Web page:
While growing up, my parents never put any pressure on me to be an “A” student. They had instilled such a desire in me for success, that I applied more pressure on myself than they ever did. As luck would have it, I had a “natural” ability to learn, so studying was never too difficult for me. Bringing home a “B” was very rare, and when that did happen, I was more upset than my folks.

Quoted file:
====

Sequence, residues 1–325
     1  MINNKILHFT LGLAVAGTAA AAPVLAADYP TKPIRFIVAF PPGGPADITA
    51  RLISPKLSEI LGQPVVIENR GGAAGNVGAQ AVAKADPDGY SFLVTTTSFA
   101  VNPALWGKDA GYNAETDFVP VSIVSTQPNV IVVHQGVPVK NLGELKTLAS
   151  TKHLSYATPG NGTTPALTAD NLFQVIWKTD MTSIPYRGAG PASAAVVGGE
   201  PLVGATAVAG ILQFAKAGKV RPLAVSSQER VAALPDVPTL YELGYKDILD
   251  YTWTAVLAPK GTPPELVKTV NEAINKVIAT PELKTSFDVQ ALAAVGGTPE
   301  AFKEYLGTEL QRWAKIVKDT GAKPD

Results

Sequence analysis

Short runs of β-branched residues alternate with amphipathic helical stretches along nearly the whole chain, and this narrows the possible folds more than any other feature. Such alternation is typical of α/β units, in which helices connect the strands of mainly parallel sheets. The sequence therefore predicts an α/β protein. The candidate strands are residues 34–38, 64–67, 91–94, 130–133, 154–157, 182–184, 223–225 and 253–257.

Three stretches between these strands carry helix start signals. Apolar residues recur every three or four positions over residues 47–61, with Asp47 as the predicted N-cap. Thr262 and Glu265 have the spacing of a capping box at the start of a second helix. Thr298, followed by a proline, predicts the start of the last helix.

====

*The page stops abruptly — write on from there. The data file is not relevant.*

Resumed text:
Upon graduation, if a student had attained a certain grade point average for the entire four years of high school, they were given a designation of graduating “With Distinction.” The student did not know if they had attained that accomplishment until the night of graduation, when their name was called to receive the diploma. Although my Mother had NEVER said a word about this, I knew, deep in my heart, that she wanted to hear my name, graduating “With Distinction.” I was so nervous that night! We had practiced earlier in the day at the football stadium. We would approach the stage, row by row, and as they called our name, we would walk across, place one hand over the other to shake the Board of Education President’s hand, while receiving our diploma with the other hand…pause…look at the camera for the official photograph, and walk off the stage.